Five-ton calligraphy work to be displayed

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A five-ton piece of calligraphy with the edict to move Vietnam's capital from Hoa Lu in the northern province of Ninh Binh to Thang Long (now Hanoi) in 1010 will be exhibited from October 4 to 10.

The 4.58x3.85-meter work features 214 words in Han characters crafted from gilded copper on one side of a wooden frame. Each character is ten centimeters high, and can be seen from ten meters away.

On the other side are translations of the text in Vietnamese and English.

The edict begins by citing previous decisions made by Chinese emperors to move the capital. It suggests that such decisions lead to a more prosperous country. It notes that the emperors did not move their capitals on a whim, or because they wanted to.

Over the years the edict has been regarded as important in terms of history, politics, literature, geography, and philosophy.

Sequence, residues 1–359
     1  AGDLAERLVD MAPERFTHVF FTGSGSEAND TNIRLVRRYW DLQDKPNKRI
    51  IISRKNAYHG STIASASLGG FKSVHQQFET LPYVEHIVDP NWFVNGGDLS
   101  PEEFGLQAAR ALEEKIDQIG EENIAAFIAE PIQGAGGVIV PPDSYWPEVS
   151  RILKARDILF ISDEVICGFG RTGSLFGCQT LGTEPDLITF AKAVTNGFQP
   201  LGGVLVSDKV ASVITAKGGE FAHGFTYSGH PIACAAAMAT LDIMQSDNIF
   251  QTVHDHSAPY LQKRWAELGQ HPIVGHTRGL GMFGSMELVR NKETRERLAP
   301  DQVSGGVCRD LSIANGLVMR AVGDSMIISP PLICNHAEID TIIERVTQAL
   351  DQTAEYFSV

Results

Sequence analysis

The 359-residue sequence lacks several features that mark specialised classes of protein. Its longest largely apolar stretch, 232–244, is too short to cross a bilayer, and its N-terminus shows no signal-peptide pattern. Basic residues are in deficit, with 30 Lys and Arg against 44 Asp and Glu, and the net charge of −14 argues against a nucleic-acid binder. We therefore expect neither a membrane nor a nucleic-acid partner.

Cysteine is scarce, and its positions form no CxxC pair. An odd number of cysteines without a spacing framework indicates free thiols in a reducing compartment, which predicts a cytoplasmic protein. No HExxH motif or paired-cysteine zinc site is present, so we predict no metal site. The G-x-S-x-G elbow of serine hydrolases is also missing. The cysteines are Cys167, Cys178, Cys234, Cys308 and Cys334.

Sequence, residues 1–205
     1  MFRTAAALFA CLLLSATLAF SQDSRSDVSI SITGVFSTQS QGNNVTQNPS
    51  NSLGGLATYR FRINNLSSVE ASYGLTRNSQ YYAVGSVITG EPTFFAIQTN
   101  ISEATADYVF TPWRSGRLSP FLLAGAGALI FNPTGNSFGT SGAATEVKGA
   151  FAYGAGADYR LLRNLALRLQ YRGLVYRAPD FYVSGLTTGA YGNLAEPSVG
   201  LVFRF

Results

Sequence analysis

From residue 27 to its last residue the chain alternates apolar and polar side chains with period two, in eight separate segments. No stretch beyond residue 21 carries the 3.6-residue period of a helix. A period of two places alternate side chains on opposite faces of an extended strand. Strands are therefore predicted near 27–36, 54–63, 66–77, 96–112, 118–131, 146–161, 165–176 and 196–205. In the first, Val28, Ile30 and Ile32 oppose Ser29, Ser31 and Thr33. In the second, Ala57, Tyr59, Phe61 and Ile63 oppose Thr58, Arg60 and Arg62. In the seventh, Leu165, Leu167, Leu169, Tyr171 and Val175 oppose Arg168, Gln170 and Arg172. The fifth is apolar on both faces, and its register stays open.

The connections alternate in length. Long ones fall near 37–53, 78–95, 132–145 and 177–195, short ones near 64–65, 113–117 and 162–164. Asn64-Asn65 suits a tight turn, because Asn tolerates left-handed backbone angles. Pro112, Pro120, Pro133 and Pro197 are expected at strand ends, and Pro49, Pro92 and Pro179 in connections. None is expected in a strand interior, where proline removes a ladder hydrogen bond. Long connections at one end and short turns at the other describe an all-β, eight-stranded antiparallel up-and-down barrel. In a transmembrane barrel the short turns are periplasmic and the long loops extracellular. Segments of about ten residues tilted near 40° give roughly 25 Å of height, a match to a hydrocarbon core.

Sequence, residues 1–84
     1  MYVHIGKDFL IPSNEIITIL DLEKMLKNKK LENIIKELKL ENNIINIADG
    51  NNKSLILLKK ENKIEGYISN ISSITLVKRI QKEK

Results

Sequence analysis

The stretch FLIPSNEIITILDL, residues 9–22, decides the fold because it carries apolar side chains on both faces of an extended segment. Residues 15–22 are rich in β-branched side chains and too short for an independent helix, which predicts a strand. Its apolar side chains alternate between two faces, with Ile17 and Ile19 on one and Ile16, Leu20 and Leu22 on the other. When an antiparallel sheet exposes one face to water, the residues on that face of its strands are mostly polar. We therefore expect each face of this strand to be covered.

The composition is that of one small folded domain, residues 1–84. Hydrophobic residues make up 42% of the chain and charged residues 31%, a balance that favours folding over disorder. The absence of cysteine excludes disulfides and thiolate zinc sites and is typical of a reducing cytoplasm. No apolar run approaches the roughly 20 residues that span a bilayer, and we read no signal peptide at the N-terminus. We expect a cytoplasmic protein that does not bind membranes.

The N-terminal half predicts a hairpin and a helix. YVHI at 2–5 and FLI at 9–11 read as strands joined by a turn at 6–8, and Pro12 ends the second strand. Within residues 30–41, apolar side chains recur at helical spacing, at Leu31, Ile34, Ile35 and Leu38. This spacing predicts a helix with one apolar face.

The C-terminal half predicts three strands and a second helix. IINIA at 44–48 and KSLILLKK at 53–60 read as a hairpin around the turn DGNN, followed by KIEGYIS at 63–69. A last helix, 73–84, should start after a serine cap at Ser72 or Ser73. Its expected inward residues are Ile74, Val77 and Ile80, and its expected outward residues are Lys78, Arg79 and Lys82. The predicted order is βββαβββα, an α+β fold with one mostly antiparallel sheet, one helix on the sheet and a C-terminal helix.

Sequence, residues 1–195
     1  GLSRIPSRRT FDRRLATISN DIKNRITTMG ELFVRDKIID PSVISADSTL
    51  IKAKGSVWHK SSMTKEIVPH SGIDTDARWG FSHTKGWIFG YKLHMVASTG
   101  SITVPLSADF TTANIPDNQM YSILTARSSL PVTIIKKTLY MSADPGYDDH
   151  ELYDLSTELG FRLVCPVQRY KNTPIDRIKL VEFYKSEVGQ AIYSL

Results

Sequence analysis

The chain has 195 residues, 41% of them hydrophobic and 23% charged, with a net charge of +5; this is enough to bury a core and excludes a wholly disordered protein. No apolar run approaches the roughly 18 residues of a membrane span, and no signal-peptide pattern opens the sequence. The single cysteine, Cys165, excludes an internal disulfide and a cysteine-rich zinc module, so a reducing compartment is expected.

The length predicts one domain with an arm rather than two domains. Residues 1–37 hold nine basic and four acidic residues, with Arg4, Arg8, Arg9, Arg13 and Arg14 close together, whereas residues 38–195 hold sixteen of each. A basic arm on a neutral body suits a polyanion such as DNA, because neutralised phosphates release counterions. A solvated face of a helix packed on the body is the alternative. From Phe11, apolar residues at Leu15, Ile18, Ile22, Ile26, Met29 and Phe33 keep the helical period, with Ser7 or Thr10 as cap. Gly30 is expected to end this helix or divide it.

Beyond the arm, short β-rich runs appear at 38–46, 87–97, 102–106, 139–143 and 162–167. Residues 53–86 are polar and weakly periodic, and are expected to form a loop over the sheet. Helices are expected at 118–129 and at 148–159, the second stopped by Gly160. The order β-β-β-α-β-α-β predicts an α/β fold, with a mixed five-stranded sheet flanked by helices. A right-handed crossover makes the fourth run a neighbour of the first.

Nguyen Khac Loi, vice director of the Hanoi Department of Culture, Sports and Tourism said the historic edict, authored by King Ly Thai To who founded the Ly Dynasty (1009-1225), has been reproduced many times on pottery and copper, but the latest version is the largest-ever.

In fact, it has set national records regarding size, and the materials and techniques used, Loi said on Monday when receiving the work from Vietnam Association of Craft Villages and Celadon Company, which initiated the project in 2008.

A ceremony where the edict will be offered to the statue of the king, also known as Ly Cong Uan, at Ly Thai To Garden is scheduled for October 2. It will be then exhibited at Vietnam's first university, Quoc Tu Giam, for the city's 1,000th anniversary celebrations.

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